Income Protection: Important for Professionals, Critical for Pilots
I often speak about the importance of income protection, or disability insurance (whichever title resonates more with you), as the hidden gem beneath all successful financial plans. Income protection is the platform on which your financial pyramid sits; it’s the fundamental layer that holds everything intact. If you think about everything you pay for in a given year, rent or mortgage, vehicles, food, utilities, vacation and savings, you’ll notice they all have one thing in common – they’re supported by your income.
Whether you’ve created a financial plan or not, you can understand that everything relies on your income. The key is keeping that income stream flowing as you progress towards your plan and targets.
Everyone who earns an income faces an equal risk of losing it. One in four of today’s working population will be left without their income for more than 90 days before they retire, specifically caused by an injury or illness. What’s worse, 90 days is the small number in the equation. Once you surpass the 90 day marker, there’s a 78% chance you’ll lose your income stream for the next 36 months. A situation that would leave most in complete financial ruin.
As mentioned in the title, income protection is imperative for any professional earning an honest income. But, there’s a certain segment of professionals that face the greatest risk: pilots.
Pilots hold a significant responsibility in their roles, not just for their own family’s well-being, but also for the families of the 200 passengers behind them every time those wheels leave the ground. And if you’ve ever been able to glance inside a cockpit, you’ll quickly see that there’s hundreds of critical components to a successful flight, not just speed and engine RPM’s like most of us are used to.
For pilots, however, the risk isn’t in the air, it’s on the ground. Holding a First or Second Class license to operate an aircraft is serious business. Depending on your class, you face a bare minimum of annual medical tests. These aren’t your average annual check-ups either, these are medical exams designed to determine if you’re in peak physical and emotional condition to pilot a 150,000 pound aircraft. For First Class pilots over 40 years of age, the exams occur every six months, or twice as often as a Second Class pilot.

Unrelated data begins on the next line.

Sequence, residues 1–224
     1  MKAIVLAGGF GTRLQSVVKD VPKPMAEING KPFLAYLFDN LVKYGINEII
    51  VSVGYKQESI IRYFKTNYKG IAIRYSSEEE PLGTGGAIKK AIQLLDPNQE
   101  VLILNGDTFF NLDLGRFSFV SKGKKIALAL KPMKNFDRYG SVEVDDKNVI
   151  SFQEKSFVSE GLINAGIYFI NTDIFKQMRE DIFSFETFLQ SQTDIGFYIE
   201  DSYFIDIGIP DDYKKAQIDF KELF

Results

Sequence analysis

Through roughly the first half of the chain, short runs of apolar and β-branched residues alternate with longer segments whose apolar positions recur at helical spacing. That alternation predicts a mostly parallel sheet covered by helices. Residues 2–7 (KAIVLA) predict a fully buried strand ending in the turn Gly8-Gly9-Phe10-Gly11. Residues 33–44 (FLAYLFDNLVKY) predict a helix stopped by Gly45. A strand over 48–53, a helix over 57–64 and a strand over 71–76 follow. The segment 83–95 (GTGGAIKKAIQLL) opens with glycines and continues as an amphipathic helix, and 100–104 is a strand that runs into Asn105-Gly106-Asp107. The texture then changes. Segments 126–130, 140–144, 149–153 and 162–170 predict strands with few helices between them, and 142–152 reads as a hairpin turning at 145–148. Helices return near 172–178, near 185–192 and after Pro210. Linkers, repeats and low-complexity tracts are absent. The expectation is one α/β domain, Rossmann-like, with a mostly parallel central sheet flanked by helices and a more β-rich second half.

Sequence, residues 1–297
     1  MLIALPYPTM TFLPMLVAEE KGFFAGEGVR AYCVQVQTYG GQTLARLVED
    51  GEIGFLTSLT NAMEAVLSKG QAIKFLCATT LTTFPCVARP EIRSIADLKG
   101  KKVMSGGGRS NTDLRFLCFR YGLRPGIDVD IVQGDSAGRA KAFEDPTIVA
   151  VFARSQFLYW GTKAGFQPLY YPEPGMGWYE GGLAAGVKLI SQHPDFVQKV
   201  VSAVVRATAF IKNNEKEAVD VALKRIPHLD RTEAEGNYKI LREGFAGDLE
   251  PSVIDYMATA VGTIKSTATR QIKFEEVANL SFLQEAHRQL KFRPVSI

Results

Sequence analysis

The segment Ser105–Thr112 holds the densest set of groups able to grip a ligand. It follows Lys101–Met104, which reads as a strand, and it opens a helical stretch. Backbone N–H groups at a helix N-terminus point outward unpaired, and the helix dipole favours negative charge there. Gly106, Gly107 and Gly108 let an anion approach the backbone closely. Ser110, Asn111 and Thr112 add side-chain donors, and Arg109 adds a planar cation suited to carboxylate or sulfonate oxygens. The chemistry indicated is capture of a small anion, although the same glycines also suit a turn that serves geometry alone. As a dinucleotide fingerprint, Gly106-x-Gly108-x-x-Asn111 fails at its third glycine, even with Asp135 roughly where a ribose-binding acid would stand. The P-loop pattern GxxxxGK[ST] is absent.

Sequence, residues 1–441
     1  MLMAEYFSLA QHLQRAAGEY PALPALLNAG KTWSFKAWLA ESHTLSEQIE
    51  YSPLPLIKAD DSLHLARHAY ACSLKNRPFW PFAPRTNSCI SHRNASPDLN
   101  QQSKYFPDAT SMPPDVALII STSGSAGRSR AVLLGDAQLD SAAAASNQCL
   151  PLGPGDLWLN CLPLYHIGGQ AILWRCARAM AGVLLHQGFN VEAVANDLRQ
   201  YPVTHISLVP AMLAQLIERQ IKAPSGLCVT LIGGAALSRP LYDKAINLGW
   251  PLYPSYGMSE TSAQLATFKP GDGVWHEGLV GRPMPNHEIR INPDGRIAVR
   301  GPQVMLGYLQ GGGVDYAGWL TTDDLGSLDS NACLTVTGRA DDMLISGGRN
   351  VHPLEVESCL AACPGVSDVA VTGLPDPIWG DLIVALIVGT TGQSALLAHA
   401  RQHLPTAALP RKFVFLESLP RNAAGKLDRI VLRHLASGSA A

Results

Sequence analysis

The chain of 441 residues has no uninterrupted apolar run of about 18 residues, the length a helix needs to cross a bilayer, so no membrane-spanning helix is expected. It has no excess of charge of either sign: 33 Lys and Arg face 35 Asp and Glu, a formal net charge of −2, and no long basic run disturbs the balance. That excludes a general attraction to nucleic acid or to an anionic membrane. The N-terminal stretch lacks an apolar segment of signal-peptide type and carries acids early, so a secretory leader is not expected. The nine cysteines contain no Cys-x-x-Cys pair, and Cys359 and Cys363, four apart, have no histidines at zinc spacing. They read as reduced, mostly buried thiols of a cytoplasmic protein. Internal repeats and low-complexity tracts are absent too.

To say a majority of pilots pass their exams would be true. But, to say all pilots pass, would be a misinformed statement. Unfortunately, as our bodies progress through time, we become increasingly susceptible to various medical conditions. Chronic pain, diabetic malnutrition, stress, cardiovascular impairments, vision loss, nervous system malfunctions, hearing loss, the list goes on…all of which, in a high-performance test, can lead to less than desirable outcomes.
As a working professional, if you’re diagnosed with cancer and forced to schedule your first chemotherapy session, work continues until then. Perhaps even for the extremely motivated, you continue to work for the next month or two after. Essentially, you wake up every morning with the choice to push past pain and discomfort, or let it take over. There are stages in cancer treatment where being productive is completely out of the picture, and that’s when you’re able to benefit from a financial safety net like income protection.
As a pilot, however, the choice is not in your control to fly or not. Upon a cancer diagnosis and initial chemotherapy session, you’re unfit to fly. By an AME’s (Aviation Medical Examiner) standards, your license to fly is temporarily suspended. What are you to do?
For the next month or two you’re a full-functioning human, capable of physically flying that aircraft, yet handcuffed by federal aviation regulations. Despite being unfit to fly, a traditional disability insurance carrier will see you as a fully-capable human, preventing you from being able to submit a claim with a financially positive outcome. So, again, the question stands…what are you to do?
For a pilot, gambling your financial plan on a decision outside of your control holds obvious risks. If you have one bad visit with your AME, you’re faced with significant financial losses.
If you’re a risk-averse pilot who understands that placing everything on the line is not a viable option, you should seek income protection tied to the status of your medical certificate. Meaning, regardless of your physical ability to fly, benefits will trigger upon the suspension of your medical certificate due to your injury or illness. There is a solution called Loss of License insurance.
As a working professional, your risks of losing your income to a medical situation are real. As a pilot, those risks are even greater. The only way to justify whether protecting that income is appropriate or not, is to ask yourself this simple question:
“Would I be okay if I retired tomorrow?”
If the answer is yes, then I applaud you for building the assets you’ve worked so hard for. If your answer is no, or not preferably, then I encourage you to seek out an income protection plan that suits you.